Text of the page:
Join PreKureME Lockdown Edition for some immune-boosting self-improvement in self-isolation.


Let’s make sure we come out of isolation in our little bubbles, healthier and in better shape than we started. We might as well take that opportunity.

Here at PreKure, we’re looking at five behaviours which will help get us healthier.

  • The first one is eating well

I’m interested in mainly, not exactly the macronutrients you eat, but moving to whole, real food – the exact opposite of the ultra-processed food which most people seem to eat these days. I’m particularly interested in getting your blood glucose down. Why am I interested in that right at the moment? Because the lower your blood glucose, the better your immune system functions, and if you can produce some ketones now and then, then your body is producing its own oxidants. You’ve got an endogenous defence system going well, so eating well is important.

  • Sleeping is important

Frankly, if you can’t get yourself organised to stay in bed for eight hours when you’re home all day and all night, you need to sort out your priorities. This is a real opportunity to get your act together and make sure you have that eight hour sleep in one go. Get that blue light out of your face an hour or two before bed. What produces blue light? Digital devices, such as iPhones, iPads, and also television. So take this opportunity to start reading a book. You’ll have a good night’s sleep, feel refreshed, and have a good day.

  • Moving your body

You’ve heard me say it before – fitness is medicine. There’s never been a better opportunity to get out of your house and exercise. In fact, it’s one of the few things you’re actually legally allowed out of your house to do. One of the reasons you might want to move around and catch some of that autumn sunlight is because the production of vitamin D, which sunlight really pushes, has been shown to be one of the best immune system boosters. Virtually all of the mortality in COVID-19 has been associated with low vitamin D. It might not be causal, but it just might be and it’s worth doing.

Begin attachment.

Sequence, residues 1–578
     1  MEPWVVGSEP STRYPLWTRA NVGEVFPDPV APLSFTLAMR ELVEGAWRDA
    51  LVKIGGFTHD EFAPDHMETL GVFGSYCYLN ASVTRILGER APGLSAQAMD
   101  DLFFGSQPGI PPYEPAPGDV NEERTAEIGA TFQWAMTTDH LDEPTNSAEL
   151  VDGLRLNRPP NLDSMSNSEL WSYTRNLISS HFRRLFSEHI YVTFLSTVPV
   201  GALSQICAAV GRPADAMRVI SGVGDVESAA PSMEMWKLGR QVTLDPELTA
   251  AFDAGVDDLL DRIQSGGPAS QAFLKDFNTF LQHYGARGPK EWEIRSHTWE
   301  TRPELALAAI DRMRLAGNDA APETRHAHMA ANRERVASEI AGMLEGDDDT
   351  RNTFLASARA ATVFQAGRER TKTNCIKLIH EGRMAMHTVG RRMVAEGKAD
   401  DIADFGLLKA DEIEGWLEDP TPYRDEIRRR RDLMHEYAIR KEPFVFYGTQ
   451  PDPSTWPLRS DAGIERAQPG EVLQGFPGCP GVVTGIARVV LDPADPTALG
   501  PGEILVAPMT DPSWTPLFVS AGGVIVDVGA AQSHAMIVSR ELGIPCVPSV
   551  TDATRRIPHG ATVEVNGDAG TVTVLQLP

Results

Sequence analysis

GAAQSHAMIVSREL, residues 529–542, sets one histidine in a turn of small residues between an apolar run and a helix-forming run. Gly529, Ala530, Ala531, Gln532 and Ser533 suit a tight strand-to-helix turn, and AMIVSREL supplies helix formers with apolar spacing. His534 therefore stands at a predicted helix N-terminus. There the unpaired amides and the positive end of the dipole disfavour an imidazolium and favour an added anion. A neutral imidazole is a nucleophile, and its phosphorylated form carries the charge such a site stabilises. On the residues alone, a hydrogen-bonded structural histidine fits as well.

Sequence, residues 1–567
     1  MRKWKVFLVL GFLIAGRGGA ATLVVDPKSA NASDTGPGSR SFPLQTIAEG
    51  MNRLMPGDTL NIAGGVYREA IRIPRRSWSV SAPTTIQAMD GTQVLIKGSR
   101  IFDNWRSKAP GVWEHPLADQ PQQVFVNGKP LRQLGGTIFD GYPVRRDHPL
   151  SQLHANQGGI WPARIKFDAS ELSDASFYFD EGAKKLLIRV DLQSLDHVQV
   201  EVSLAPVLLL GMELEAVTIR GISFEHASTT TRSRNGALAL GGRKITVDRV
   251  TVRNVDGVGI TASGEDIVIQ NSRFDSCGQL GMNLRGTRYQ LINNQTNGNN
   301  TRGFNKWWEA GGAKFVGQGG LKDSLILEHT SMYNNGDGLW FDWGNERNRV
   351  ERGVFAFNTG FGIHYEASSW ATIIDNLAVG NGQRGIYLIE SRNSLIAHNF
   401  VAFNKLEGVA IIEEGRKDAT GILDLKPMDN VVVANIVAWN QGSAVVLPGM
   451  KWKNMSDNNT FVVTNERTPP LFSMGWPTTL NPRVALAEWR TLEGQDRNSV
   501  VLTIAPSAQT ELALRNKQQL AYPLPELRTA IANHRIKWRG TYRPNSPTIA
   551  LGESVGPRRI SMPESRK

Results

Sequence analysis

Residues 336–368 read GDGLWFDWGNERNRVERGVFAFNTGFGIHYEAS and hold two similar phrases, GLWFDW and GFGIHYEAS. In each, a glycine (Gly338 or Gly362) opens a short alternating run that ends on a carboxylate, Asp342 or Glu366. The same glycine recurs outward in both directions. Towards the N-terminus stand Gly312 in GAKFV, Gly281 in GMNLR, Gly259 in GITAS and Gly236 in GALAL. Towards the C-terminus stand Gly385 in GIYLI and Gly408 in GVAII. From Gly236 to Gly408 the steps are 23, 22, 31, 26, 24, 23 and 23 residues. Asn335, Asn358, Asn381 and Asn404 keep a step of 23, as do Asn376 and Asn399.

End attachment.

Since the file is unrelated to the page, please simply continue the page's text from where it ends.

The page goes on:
• Have some fun

My personal fun activity at the moment is Yahtzee, the dice game. You‘re familiar with this? When I’m winning, it’s a game of skill, when I lose, it’s a game of random chance. Why do you want to have some fun? Well, we know that your wellbeing and the function of your immune system depends on your having some positive emotions.

How many positive emotions do we need? Barbara Fredrickson, a psychologist in the US, has studied this for two decades. She suggests that if you can get positive emotions outweighing negative emotions by a factor of three to one, you’re likely to be doing much better than people who are unable to do that.

In these times, stuck at home, you’re going to have to specifically seek out some fun. Board games are good. Kids’ cooking can be good. What are you doing to have fun? Please let us know how your fun activities are going and post it on PreKure’s Facebook page, if you feel inclined.

  • Lastly, keep doing some learning

Over the next three weeks, every night there’s going to be a different expert from faculty talking to you about some of these aspects of health and wellbeing, and thriving in isolation. You’ll hear from myself, Dr Carlo Bellini, Dr Louise Schofield, Dr Catherine Crofts and Dr Caryn Zinn, and you can learn from us or you can do your own learning online or reading.

I’ve been doing lots of learning myself online about COVID-19, epidemiology and infectious disease epidemiology. Now that might not be your idea of fun learning, but it’s mine.

So eat, sleep, move, have some fun and keep learning.